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You’re Fired! Terminating an employee may be necessary, but the steps taken prior to termination can significantly reduce your exposure to a lawsuit. By Betsey Lund Ross on the manual as a resource for not only how to terminate the employee, but also the basis for termination. Have all employees acknowledge receipt of the manual with a signed form when they are hired.

“You’re fired!” Words no employee wants to hear and words many employers say with a cringing inner fear of liability or litigation. In fact, some employers will go so far as to avoid terminating an employee out of fear of future legal consequences. But as many of us have experienced, a trouble employee can create disastrous havoc in the workplace. Here are some tips to remember to minimize your risk of litigation

Be Consistent When handling employee termination, be consistent with your practices. The employee may not agree with the reason for termination, but the likelihood of litigation increases when employees believe they are treated differently than other employees. This is especially if employees believe they were treated unfairly or differently due to their age, race, nationality, gender, disability status, etc. The employee’s perception – correct or incorrect – plays a large role in whether the employee decides to file a legal claim to challenge the termination. when terminating an employee: Rely on the Employment Manual A well-drafted employment manual should detail your organization’s disciplinary process, set employee and employer expectations, and establish procedures to assist you in applying the organization’s policies consistently and equally to all employees. If termination of an employee is necessary, rely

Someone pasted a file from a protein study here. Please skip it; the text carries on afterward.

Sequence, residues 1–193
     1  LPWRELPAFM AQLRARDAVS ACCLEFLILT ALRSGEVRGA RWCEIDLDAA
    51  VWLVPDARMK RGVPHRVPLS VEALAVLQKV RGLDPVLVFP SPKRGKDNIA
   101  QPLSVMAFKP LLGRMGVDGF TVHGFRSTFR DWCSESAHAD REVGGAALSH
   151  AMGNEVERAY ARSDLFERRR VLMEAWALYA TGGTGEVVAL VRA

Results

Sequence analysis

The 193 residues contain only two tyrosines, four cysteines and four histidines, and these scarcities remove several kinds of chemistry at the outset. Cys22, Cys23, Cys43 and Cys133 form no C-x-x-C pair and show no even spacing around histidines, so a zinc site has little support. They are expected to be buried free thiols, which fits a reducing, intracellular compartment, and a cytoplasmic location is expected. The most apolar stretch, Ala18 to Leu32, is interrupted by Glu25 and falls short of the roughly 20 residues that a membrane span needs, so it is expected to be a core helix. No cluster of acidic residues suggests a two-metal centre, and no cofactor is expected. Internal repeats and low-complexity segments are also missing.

Keep Accurate Records Whether it’s work performance issues or a bad attitude, most terminations result after there have already been several issues with the employee. Those previous issues should be documented and addressed at the time of occurrence. Avoid sending emails or text messages to the employee. Written documentation should be drafted and signed by the

employee. In litigation, those records become evidence of the issues that led up to termination. Prepare for the Termination Termination should never occur during a heated argument or when emotions are running high. Schedule a time to meet with the employee in a private room to inform the employee of the termination. Prepare notes prior to the meeting to prevent saying things that will later be regretted. Have another supervisor or manager present during the termination as a witness to what was said during the termination. Be Concise Even the most egregious employees may be shocked by their termination and challenge the basis for the termination. But wavering or sugar-coating the reason for the termination will only increase the employee’s confusion and frustration. Be concise and on point with the reason for the termination no matter how much the employee disagrees with the reasons. Following these five steps will not necessarily make the termination process easier, but will certainly reduce the likelihood your organization will face legal action in the future.

contributor Betsey Lund Ross is an attorney and shareholder with Lund Ross, P.A. Attorney at Law in St. Cloud, Minn., working in the areas of business law, employment law, and estate planning. You can find her online at lundrosslaw.com

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Business Central Magazine // J A N U A R Y/ F E B R U A R Y 2 0 1 7


January/February 2017